I am a Christian. I believe in the God of the Bible, in God the Father, in His Son Jesus Christ, and in the Holy Spirit. I believe in Genesis 1:1 - "In the beginning God created the heavens and the earth. (NIV)" I am a biochemist and a pharmacist by education. As such I have a desire to understand nature. I am writing this blog as my way to express the facts of true science as I understand them, from the perspective of one who believes that all things were created by God, for God and for His purposes.

Feel free to comment, to offer your perspective, or to give suggestions for subjects.
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Tuesday, June 28, 2011

From Sand to Solar Power

Silicon (Si – 14) is the eighth most common element. It is found primarily as Silicon Dioxide, in sand or quartz, which is the most common compound in the Earth's Crust. It also is present in a number of other crystalline forms in amethyst, flint and jasper. Used in glass, semiconductors (computer chips, hence the name Silicon Valley), solar cells and silicones – synthetic plastics.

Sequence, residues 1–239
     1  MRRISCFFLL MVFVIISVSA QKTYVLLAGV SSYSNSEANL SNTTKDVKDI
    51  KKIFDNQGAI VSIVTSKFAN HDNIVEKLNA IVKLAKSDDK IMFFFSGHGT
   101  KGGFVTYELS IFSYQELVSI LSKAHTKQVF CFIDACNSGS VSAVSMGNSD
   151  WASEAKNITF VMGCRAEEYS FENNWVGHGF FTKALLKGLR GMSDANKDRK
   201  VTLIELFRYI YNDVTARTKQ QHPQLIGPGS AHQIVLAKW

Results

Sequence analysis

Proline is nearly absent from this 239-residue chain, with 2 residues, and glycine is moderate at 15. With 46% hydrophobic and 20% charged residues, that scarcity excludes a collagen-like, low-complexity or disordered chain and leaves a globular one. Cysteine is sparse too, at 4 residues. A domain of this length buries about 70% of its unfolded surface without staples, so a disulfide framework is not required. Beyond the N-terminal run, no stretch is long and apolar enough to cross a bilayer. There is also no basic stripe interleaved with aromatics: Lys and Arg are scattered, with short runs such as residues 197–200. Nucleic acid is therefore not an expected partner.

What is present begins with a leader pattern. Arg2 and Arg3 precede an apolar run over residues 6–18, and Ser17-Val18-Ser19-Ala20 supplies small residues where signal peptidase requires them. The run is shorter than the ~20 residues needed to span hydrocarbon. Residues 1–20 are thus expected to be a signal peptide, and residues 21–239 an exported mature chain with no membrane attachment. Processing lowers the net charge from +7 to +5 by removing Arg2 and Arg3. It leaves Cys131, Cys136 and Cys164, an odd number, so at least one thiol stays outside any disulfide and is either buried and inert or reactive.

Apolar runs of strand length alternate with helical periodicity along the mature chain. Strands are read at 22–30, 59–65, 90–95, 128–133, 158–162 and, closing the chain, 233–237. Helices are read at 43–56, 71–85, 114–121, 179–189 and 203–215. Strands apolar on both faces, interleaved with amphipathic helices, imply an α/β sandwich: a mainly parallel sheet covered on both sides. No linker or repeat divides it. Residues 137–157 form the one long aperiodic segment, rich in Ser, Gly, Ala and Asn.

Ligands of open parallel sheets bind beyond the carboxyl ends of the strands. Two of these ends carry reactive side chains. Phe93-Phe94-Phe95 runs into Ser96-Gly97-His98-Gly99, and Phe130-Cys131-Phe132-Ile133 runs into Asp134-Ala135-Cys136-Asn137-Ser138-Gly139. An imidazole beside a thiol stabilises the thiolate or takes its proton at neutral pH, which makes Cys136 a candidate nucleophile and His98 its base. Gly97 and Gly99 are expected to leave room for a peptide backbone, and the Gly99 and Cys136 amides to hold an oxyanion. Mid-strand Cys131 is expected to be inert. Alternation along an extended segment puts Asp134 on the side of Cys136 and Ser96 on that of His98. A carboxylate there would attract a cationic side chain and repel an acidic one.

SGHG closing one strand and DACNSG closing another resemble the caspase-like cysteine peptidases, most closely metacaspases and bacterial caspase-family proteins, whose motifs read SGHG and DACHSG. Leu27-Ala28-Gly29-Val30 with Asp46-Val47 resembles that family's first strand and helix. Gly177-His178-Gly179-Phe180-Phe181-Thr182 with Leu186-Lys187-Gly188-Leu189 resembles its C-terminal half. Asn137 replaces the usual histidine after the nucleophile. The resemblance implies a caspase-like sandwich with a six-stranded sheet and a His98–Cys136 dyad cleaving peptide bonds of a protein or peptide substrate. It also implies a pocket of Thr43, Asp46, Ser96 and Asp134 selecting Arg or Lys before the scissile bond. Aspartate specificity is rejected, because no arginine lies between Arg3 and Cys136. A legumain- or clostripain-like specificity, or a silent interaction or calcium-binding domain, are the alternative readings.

Silicon is in the same group or column as Carbon in the Periodic Table; it also has four bonding electrons in its outer 3p shell. It is, however, considered a metalloid rather than a non-metal due to its greater mass. Silicon has been considered as a possible carbon replacement as a basis for life. Life on Earth is Carbon based but since Silicon has similar properties, it is postulated that there may be other worlds where Silicon, or a Silicon-Oxygen chain, has replaced Carbon in all life forms.

Diatoms, a form of plankton – a major oceanic food source, use Silicon to build their shells. These shells are being studied for possible use within nanotechnology since Diatoms can reliably manufacture microscopic valves of specific shapes.

Silicon is the main component of soda-lime glass, the most common form of glass, which consists of about 75% Silicon Dioxide. Glass is an amorphous (non-crystalline) solid material, typically brittle and optically transparent, but can be formed and colored by glass blowing or forming techniques into an unlimited variety of shapes.

Silicon has a higher density as a liquid so the solid floats in liquid Silicon much like ice floats in water. This is at a significantly higher temperature, however, as Silicon melts at 2577°F.